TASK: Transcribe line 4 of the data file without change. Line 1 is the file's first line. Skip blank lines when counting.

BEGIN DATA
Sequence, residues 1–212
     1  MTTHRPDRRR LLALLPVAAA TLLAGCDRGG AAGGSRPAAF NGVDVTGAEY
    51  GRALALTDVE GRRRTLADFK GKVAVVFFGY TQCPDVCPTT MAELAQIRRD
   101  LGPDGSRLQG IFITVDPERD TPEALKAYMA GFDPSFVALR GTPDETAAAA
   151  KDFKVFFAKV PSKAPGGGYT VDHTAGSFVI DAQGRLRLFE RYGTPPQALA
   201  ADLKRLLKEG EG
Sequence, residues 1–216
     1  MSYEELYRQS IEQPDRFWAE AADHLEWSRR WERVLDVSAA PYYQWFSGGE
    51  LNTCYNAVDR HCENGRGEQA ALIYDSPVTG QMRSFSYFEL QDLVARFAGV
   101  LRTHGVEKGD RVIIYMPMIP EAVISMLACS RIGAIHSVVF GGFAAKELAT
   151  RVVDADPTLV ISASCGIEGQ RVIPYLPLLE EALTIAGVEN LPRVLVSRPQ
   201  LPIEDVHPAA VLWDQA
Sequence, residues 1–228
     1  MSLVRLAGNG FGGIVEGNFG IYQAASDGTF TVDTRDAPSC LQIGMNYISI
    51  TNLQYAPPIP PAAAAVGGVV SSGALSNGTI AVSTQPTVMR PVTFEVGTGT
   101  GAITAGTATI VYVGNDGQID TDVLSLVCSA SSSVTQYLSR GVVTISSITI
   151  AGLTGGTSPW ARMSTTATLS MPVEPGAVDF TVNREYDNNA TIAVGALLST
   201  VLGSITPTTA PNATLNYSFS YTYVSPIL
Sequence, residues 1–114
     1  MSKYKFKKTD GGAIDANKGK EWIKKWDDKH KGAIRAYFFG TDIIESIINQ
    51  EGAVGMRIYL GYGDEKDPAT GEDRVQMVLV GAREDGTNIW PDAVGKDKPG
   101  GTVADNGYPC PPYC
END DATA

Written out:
   101  LGPDGSRLQG IFITVDPERD TPEALKAYMA GFDPSFVALR GTPDETAAAA